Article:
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Habitat conditions and host tree properties affect the occurrence, abundance and fertility of the endangered lichen Lobaria pulmonaria in wooded meadows of Estonia

Published online by Cambridge University Press:  08 February 2012

Department of Botany, Institute of Ecology and Earth Sciences, University of Tartu, 40 Lai st., Tartu 51005, Estonia. Email:
Leelia KARU
Department of Botany, Institute of Ecology and Earth Sciences, University of Tartu, 40 Lai st., Tartu 51005, Estonia. Email: Türi College, University of Tartu, 13b Viljandi st., Türi 72213, Estonia.
Department of Botany, Institute of Ecology and Earth Sciences, University of Tartu, 40 Lai st., Tartu 51005, Estonia. Email:


We assessed multiple environmental factors that might influence the population vitality of the epiphytic lichen Lobaria pulmonaria at the individual tree and habitat levels in partially overgrown wooded meadows in Estonia. A total of 301 trees of four species were sampled at nine study plots, using a stratified factorial scheme, 151 colonized by L. pulmonaria and 150 not colonized by L. pulmonaria forming the control group. We used the Generalized Linear Models (GLZ) to identify a complex of factors which predicts the probability of the lichen occurring on tree trunks and the presence of apothecia on its individuals. We employed the General Linear Mixed Model (GLMM) to study the relationship between cover of L. pulmonaria and environmental factors. The occurrence probability of L. pulmonaria on tree trunks increased with increasing light availability and height of deciduous shrubs near the trunk, and decreased with increasing distance to the nearest colonized tree. The host tree species and its trunk properties were also of importance, particularly the facilitating effect of the cover of bryophytes upon L. pulmonaria. The probability of occurrence of apothecia increased with maximum values of bark pH and cover of L. pulmonaria on the trunk. We conclude that partially overgrown wooded meadows are suitable habitats for L. pulmonaria. However, to maintain the vitality of these populations, a specific management scheme, preventing development of a dense stand, should be applied. Management requirements would include 1) selective cutting of overgrowing coniferous trees (particularly spruce), 2) preservation of adult and younger potential host trees within 10–20 m of colonized trees, 3) preservation of scattered deciduous shrubs in the vicinity of the host trees.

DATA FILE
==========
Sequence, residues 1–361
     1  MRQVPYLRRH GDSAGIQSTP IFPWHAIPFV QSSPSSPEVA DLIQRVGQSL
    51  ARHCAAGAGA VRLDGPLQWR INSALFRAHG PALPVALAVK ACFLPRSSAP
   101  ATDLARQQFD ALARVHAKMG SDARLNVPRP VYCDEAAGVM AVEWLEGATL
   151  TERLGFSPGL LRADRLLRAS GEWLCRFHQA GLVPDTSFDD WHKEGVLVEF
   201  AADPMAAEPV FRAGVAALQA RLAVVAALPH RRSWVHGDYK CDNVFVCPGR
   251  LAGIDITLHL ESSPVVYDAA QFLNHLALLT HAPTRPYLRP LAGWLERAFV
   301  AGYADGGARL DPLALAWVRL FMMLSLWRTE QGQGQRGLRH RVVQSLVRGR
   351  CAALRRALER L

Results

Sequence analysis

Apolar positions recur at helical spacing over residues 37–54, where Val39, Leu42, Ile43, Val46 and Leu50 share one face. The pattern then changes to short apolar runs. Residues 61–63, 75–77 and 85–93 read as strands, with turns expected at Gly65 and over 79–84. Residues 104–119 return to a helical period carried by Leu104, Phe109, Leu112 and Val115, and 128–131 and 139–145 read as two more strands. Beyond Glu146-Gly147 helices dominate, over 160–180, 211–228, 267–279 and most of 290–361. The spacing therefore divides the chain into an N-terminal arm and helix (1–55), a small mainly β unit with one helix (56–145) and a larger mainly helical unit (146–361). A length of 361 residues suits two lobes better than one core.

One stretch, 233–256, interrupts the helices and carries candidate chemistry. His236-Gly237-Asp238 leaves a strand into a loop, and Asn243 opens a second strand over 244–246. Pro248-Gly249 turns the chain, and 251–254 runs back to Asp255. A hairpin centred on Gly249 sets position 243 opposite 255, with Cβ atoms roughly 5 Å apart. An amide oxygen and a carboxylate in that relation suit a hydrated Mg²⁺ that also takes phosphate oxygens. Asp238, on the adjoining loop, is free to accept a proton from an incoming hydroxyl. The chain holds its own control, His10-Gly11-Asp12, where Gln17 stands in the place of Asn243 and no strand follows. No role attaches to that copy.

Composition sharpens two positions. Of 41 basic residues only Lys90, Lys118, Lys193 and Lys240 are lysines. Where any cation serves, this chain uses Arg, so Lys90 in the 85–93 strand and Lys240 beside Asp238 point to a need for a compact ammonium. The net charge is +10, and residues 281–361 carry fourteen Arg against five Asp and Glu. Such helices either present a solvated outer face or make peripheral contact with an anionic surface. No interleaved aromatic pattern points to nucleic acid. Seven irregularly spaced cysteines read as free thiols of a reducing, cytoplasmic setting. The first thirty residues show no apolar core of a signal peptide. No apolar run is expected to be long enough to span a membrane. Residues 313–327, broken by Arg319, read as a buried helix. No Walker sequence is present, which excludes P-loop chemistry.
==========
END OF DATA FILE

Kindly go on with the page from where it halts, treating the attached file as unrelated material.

Research Article
Copyright © British Lichen Society 2012

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